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Scientists believe asteroids may have carried water to Earth

Scientists now believe asteroids like the Ryugu (pictured 2018) may have brought water to Earth, according to the just-published results of six-year study. Photo by Japan Aerospace Exploration Agency
Scientists now believe asteroids like the Ryugu (pictured 2018) may have brought water to Earth, according to the just-published results of six-year study. Photo by Japan Aerospace Exploration Agency

Aug. 16 (UPI) -- Scientists now believe asteroids may have brought water to Earth, according to the just-published results of a six-year study.

Researchers analyzed rare samples collected from a six-year Japanese space mission and their findings were published Monday in the science journal Nature.

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The material was brought back to Earth in 2020 from the asteroid Ryugu. Scientists studied 0.2 ounces (5.4 grams) of rocks and dust gathered by a Japanese space probe. The Hayabusa2 probe landed on the asteroid to collect the sample from its surface.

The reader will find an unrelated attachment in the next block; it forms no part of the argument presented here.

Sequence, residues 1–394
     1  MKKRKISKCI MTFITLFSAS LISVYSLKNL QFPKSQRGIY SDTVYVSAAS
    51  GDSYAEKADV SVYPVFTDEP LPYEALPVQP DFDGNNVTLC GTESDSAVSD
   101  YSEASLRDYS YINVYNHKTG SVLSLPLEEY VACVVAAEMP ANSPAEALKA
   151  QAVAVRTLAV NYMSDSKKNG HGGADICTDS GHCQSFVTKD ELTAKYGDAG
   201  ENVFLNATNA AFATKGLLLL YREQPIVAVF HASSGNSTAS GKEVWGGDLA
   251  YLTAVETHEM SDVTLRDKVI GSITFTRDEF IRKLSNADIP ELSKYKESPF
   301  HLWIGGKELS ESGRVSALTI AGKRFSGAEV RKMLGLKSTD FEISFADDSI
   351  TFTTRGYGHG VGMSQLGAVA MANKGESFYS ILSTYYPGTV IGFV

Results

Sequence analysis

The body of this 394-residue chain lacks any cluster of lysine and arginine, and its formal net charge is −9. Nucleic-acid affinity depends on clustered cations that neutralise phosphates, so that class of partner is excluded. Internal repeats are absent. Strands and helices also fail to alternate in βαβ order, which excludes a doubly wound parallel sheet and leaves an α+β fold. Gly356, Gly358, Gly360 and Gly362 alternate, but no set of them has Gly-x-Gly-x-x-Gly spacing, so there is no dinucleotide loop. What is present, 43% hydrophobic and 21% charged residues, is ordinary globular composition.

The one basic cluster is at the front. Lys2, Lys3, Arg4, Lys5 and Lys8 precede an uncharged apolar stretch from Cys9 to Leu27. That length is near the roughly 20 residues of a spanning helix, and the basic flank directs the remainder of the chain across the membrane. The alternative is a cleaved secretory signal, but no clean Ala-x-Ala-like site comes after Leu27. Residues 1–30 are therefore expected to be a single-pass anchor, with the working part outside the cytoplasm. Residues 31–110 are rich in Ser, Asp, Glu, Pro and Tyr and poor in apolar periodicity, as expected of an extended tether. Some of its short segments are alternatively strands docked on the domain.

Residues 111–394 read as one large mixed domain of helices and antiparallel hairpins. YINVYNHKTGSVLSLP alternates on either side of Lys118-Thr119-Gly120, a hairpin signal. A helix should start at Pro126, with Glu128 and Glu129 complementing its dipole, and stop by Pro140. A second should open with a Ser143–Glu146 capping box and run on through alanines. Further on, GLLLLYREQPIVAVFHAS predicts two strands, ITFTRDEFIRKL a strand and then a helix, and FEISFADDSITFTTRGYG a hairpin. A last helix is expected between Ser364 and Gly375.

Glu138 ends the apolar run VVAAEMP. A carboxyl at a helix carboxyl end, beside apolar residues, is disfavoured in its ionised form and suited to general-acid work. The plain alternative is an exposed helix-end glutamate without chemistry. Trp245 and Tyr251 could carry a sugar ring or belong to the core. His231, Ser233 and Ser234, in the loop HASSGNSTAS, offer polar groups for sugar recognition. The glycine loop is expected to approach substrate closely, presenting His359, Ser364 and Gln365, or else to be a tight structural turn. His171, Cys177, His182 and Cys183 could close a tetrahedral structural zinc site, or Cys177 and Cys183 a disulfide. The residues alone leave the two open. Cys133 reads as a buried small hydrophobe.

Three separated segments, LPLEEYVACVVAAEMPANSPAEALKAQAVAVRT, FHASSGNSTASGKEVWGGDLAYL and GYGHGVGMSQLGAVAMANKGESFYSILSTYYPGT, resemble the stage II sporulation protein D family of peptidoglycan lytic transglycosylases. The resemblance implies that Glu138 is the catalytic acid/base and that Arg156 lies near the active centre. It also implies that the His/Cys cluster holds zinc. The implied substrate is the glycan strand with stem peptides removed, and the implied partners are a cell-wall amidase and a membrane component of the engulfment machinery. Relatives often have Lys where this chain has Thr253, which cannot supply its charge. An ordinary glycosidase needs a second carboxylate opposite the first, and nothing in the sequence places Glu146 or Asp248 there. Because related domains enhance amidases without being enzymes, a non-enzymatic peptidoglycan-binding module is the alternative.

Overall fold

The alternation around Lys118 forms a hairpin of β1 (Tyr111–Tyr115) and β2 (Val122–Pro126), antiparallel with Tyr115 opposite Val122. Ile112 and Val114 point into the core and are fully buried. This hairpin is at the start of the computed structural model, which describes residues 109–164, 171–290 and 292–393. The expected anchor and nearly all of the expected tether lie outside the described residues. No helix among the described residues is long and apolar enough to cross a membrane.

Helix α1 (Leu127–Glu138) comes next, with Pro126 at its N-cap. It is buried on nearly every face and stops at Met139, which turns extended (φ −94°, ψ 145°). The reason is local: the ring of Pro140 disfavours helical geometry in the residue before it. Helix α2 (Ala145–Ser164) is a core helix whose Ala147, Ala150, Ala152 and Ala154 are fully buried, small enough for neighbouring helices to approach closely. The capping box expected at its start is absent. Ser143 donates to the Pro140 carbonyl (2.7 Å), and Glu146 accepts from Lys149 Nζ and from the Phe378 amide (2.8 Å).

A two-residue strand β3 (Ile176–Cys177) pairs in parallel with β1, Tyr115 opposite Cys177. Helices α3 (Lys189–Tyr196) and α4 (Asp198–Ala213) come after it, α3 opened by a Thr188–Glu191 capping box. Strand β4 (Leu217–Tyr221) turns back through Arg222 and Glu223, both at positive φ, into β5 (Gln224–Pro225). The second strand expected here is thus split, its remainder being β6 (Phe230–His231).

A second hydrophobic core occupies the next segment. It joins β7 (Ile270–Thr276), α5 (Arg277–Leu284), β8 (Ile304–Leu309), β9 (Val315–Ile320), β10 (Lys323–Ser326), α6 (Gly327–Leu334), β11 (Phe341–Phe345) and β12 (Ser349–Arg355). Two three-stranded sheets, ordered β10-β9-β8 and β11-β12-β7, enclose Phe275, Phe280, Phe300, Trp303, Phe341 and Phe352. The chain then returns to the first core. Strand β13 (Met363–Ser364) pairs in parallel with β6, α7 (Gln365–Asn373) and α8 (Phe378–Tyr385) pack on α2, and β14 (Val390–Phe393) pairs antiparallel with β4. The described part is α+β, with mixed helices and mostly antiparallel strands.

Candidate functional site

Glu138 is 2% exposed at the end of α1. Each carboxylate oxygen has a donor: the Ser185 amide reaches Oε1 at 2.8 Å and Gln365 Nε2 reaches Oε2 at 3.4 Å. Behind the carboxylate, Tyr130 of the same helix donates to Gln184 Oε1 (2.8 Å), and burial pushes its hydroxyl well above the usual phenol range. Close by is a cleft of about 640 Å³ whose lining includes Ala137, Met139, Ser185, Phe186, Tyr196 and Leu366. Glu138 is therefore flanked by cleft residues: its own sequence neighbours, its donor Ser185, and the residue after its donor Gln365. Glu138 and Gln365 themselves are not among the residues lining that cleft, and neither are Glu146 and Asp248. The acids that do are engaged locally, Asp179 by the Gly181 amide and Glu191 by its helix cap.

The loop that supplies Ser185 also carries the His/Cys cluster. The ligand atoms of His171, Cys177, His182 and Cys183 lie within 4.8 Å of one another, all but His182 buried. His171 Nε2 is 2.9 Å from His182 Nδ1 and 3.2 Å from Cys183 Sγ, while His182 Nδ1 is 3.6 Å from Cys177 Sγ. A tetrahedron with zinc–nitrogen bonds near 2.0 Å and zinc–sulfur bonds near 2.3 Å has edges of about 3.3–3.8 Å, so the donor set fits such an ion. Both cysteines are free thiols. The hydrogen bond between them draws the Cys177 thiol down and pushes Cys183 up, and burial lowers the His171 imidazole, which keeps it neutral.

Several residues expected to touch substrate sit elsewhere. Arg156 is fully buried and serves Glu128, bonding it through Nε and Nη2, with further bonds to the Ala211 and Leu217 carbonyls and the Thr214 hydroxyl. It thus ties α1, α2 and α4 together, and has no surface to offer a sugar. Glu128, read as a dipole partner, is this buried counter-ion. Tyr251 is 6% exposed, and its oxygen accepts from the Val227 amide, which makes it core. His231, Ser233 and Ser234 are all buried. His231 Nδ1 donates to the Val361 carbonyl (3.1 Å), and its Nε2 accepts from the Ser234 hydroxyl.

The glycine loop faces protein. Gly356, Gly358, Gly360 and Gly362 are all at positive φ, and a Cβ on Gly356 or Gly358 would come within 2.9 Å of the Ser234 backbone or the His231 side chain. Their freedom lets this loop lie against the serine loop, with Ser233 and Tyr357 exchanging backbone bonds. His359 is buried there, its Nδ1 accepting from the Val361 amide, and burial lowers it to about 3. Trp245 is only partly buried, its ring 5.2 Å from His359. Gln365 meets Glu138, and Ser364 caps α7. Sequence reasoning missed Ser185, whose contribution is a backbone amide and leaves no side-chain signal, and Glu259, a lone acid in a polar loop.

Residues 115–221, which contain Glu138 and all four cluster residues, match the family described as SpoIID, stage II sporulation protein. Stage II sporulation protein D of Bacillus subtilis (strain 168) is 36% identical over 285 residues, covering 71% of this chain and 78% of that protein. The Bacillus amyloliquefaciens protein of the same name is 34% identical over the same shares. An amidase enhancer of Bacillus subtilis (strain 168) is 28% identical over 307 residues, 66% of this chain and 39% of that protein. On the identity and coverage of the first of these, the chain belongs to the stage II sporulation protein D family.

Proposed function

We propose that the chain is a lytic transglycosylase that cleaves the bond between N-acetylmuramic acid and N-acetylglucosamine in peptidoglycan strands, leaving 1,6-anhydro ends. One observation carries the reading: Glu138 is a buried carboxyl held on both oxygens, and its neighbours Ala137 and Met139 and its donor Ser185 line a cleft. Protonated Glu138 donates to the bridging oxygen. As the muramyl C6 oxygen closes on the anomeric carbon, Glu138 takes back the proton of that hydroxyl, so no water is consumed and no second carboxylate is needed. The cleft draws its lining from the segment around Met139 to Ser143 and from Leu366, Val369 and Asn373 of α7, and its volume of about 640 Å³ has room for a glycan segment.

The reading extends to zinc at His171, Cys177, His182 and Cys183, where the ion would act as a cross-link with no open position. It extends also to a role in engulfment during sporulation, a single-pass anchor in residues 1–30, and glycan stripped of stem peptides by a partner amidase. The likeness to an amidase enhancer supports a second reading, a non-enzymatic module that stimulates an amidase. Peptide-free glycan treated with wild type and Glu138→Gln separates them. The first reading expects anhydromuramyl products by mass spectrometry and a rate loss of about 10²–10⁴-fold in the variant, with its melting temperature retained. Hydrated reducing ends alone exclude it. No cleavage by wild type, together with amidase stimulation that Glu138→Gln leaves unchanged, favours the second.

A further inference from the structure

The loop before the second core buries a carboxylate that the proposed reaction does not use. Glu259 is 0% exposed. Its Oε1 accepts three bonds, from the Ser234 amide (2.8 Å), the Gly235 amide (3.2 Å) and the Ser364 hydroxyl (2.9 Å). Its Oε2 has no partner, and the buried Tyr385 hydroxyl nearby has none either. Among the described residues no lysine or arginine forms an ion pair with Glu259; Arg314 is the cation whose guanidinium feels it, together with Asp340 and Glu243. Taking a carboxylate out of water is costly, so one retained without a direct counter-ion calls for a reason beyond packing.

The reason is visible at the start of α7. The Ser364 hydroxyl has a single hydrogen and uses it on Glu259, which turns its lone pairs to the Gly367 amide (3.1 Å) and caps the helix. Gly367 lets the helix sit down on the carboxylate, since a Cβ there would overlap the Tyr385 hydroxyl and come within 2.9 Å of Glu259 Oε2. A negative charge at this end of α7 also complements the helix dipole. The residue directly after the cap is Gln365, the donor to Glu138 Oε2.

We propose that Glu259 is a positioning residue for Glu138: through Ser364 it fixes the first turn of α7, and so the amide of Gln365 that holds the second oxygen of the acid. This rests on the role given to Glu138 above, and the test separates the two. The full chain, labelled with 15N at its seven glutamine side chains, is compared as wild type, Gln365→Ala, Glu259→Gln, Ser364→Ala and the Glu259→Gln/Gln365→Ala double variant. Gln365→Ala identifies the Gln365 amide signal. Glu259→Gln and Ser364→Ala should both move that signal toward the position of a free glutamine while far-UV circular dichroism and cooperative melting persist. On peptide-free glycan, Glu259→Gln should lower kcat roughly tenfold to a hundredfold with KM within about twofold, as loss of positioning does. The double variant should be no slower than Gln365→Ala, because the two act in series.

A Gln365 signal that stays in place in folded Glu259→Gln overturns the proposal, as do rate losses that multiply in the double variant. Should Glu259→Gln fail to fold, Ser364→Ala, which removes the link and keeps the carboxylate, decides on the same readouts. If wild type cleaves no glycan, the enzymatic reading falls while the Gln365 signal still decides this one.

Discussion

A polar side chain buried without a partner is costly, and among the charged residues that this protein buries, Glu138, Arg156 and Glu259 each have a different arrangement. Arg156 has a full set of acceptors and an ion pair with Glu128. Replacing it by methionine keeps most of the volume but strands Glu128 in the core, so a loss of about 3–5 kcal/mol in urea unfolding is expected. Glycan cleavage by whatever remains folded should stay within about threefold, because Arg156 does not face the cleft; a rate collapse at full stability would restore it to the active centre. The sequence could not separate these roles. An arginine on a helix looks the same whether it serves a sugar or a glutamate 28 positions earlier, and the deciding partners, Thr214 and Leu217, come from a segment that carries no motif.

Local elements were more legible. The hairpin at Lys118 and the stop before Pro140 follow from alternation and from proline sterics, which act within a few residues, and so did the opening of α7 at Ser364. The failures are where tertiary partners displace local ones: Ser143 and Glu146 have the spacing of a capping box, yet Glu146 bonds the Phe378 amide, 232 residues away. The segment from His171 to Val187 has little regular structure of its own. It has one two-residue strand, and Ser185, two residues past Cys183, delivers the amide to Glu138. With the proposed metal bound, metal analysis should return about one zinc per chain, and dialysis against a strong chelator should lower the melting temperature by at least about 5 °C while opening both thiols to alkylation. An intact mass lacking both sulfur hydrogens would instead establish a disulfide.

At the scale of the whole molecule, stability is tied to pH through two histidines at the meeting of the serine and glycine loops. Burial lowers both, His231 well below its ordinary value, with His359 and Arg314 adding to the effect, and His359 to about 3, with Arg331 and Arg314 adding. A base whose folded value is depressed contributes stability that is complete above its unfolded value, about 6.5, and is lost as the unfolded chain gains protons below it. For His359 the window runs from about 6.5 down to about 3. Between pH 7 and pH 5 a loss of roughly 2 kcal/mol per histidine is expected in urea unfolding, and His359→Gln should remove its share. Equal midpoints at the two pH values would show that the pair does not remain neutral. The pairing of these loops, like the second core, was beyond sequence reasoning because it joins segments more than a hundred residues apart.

"The Hayabusa2 spacecraft conducted two touchdowns and sample collections on Ryugu. The first touchdown on 21 February 2019 obtained surface material that was stored in Chamber A of the return capsule, and the second, on 11 July 2019, collected material close to an artificial crater formed by a small carry-on impactor," the journal states.

Ryugu particles are the most uncontaminated extraterrestrial materials studied so far, giving scientists the best available match to the bulk solar system composition.

Researchers eventually discovered organic matter in the Ryugu samples.

"Volatile and organic-rich C-type asteroids may have been one of the main sources of Earth's water," reads the study.

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But it also notes the delivery of water by an asteroid to Earth "is still a subject of notable debate."

The Hayabusa2 was launched in 2014, traveling more than 186 million miles to Ryugu. It returned to Earth's orbit two years ago to drop off a capsule containing the sample.

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